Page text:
I jumped up and sat upright on the bed. The photo frame was still on my bedpost. I grabbed it and dashed towards the exit. I had to get rid of it.

I drove all day endlessly with a destination in my mind. My only stop was at a gas station to refill the gas and grab a quick snack. By the time night approached, I had reached this distant town. I stopped in front of what remained of the house. It was in ruins. It wouldn't take a detective to figure out what would have happened. The woman shot herself. Her husband must've murdered the man and set the house on fire before killing himself. It could not have been clearer.

The old age had got to me, but I managed to get in. It was all but ash covered with another thick layer of dust. I entered what must've been the bedroom where it all went down. I stood there for the longest time, reliving those moments. The innocent gullible woman lost her life because of the feud between two men and their egos. How many women lost their lives for the same reason throughout history? How many more would lose theirs in future? Was that why she cursed the picture? Was that how it survived the fire?

I buried the frame under layers of dust and ashes. After returning it back to its home, I left and headed towards my home. It was again morning when I entered my living room. My eyes immediately fell upon the coffee table and—

Nothing. It was empty. I threw my keys on the table and paced toward the bedroom for a nap. As I entered the room, I instinctively looked at my bedpost. The frame wasn't there either. It should have made me happy, but it didn't. I couldn't tell why, but I didn't think much about it. My eyes were weary because I had not slept for a day, so I laid down on my bed and closed my eyes.

A few minutes passed, then a few hours. I kept turning in my bed. Tried everything, but I couldn't fall asleep. Maybe I couldn't sleep because of the daylight. I got up and went out for a walk. Tiring oneself always works. I was back in the flea market before I knew it. There were only a few shops. When I say shop, I mean a table on a sidewalk full of stolen items.

I reached the shop where I had bought the picture from. The guy was nodding with his stuff in front of him on the table. I scanned all the items and— nothing. What was I even hoping for?

I quickly left the market and went to the beach. Since it was noon, rarely anybody was there except for a few young couples. I saw myself and my wife in them. I sat there for, I don't know how long, kept thinking about everything that had gone down in the last few weeks.

When I returned back home, it didn't feel right. I had this feeling that something was missing. Why was I feeling that way? What was wrong with me?

I fixed myself something to eat, tried to watch something on television but gave up pretty quickly, and went to bed. I was sure that I'd be able to fall asleep now. Something was not right. I stayed there on my bed all night with my eyes wide open. And just like that, it was dawn again.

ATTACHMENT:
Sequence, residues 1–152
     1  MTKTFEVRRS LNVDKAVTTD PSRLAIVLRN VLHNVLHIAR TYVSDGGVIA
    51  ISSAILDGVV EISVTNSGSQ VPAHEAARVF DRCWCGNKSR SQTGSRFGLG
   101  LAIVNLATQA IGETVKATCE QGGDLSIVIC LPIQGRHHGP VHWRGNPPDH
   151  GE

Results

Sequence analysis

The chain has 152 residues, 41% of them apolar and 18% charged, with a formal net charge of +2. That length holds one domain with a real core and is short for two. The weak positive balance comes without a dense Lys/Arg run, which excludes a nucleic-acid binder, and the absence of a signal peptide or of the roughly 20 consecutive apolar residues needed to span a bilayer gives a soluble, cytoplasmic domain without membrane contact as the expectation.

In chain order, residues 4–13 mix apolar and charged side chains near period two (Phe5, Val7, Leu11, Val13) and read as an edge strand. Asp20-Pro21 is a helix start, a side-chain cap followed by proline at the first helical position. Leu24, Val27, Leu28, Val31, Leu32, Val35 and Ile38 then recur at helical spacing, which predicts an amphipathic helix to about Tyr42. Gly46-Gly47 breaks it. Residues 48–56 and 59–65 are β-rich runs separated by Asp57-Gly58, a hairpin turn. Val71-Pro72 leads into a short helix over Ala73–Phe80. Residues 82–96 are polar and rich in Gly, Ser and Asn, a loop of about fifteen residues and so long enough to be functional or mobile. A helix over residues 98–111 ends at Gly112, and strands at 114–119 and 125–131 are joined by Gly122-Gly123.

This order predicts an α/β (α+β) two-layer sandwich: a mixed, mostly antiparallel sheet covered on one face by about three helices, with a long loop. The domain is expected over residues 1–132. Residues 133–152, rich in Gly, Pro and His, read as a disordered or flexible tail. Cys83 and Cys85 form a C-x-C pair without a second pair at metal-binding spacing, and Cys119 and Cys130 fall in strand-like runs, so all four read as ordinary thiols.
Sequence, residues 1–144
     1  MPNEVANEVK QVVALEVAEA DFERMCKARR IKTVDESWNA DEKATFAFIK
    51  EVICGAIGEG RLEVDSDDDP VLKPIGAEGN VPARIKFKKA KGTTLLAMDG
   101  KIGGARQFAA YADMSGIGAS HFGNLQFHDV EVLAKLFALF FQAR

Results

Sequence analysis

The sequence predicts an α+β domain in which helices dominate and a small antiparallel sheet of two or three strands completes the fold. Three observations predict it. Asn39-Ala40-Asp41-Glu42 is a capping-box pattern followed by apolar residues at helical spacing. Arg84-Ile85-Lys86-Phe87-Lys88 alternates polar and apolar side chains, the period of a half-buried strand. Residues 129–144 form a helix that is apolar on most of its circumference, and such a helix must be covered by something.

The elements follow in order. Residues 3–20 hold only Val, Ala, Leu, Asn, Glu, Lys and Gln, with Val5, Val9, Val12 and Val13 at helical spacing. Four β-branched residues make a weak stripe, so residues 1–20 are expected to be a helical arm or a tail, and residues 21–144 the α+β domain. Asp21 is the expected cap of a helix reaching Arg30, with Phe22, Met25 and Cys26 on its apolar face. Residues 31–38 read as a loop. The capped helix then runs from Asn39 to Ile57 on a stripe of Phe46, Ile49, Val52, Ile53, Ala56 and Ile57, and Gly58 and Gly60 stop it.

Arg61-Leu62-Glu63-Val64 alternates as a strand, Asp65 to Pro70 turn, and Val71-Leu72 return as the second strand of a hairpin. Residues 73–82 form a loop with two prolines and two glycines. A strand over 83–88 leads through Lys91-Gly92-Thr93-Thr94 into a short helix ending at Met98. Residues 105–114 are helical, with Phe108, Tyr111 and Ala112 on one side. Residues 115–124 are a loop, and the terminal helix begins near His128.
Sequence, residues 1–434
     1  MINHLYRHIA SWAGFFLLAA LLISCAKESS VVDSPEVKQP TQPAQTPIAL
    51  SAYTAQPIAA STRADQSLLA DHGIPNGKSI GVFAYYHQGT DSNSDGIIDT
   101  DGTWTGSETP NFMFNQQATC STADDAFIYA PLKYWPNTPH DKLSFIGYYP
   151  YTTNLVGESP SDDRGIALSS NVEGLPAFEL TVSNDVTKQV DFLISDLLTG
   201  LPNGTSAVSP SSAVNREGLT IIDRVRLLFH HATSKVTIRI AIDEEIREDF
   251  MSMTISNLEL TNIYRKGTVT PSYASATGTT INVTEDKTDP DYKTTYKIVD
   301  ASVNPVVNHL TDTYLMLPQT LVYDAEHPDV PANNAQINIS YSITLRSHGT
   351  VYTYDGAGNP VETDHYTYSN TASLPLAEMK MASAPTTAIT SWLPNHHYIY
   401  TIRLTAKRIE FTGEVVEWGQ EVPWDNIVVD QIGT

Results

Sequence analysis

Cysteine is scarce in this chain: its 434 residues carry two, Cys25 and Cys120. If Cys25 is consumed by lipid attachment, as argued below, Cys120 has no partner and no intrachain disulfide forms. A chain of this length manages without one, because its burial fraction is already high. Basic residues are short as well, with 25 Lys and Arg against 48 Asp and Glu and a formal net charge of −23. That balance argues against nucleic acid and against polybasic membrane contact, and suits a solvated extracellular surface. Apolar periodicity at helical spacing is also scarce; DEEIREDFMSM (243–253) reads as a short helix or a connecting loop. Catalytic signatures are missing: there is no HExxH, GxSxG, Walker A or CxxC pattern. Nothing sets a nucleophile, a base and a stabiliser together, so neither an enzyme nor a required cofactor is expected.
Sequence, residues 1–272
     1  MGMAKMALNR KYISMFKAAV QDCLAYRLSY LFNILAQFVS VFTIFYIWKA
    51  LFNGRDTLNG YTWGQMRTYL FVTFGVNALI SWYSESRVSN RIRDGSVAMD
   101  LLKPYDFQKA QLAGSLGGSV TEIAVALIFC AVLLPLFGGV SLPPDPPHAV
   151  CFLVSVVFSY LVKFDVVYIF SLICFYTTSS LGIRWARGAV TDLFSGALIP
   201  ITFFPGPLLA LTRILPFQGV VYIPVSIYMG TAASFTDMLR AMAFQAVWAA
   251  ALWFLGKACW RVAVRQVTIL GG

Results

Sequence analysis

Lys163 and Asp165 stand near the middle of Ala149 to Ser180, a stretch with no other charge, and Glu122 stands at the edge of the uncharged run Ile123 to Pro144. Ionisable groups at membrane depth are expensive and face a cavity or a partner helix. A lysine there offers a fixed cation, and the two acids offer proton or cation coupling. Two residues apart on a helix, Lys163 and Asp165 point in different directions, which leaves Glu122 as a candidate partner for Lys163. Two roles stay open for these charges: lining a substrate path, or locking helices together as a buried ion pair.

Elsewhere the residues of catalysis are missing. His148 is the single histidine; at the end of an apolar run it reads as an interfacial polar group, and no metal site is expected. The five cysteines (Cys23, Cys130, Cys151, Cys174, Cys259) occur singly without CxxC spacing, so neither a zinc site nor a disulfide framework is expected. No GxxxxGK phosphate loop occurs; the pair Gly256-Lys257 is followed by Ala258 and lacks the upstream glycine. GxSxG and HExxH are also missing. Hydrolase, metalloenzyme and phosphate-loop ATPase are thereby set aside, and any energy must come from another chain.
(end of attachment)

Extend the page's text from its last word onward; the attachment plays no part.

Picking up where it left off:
I ignored everything, thinking it would take me some time to get over the trauma. Since I hadn't been to school for a few days, I got up to get ready and went there.

Everyone kept staring at me in the corridors as if I were a ghost. All the students, teachers, and janitors turned their heads as I walked past them. No one said anything, but I sensed it. During the lectures, all the students kept staring at me blankly.

"Something wrong?" I stopped my lecture midway to ask them. No one said a thing, so I went back to my lecture.

That night, I tried to fall asleep again, but nothing worked. I couldn't drift off for even a minute. As the dawn broke, I was angry and pissed off. What was happening to me? Should I have considered therapy?

'No,' I decided. I didn't want people to think I had lost it because I was up for retirement in a few years. I kept with my routine, thinking it would get all right after some time.

It didn't.

Everything got even worse. I screamed at one of my students. It was the first time in my life that I had snapped at a student. He had come from behind me and tapped on my back to ask me a question. It startled me. Everyone who looked at my face up close questioned only one thing, "Are you alright?" I came home one afternoon and looked into the mirror.

A charred face stared back at me.

I jumped back and blinked in disbelief. My fear-stricken face looked older than it was. My eyes had no life in them. I couldn't understand why it was happening to me. I had gotten rid of the photo frame. The curse should have been lifted. And then, it occurred to me. The reason that frame affected me was not that it was cursed.

It was me; I was cursed. That was why it only affected me.

Curses don't work as one might think. Once you are cursed, you are cursed for life. It doesn't matter whether you get rid of the carrier of the curse or not. The curse sucks the life out of you. Once you are hit with it, you become the carrier until the day you die.

I knew that it was over for me. And as sure as day after night and night after day, I knew what I had to do. It was the only way. At that moment, I accepted my curse.

That following night when I returned home with the picture, I was alive again. I placed it on my bedpost and lay down on the bed. Nothing made me happier than the thought of what was about to follow. I smiled and closed my eyes. Within a few seconds, a calming peace took over me. Everything was dead quiet, and then I heard it.


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  1. I liked the story , I belevie you should develoe the story for a novel , I'll make sure to be one of the first buyers ,
    Or at least continue to part two
    Ps I loved the open ending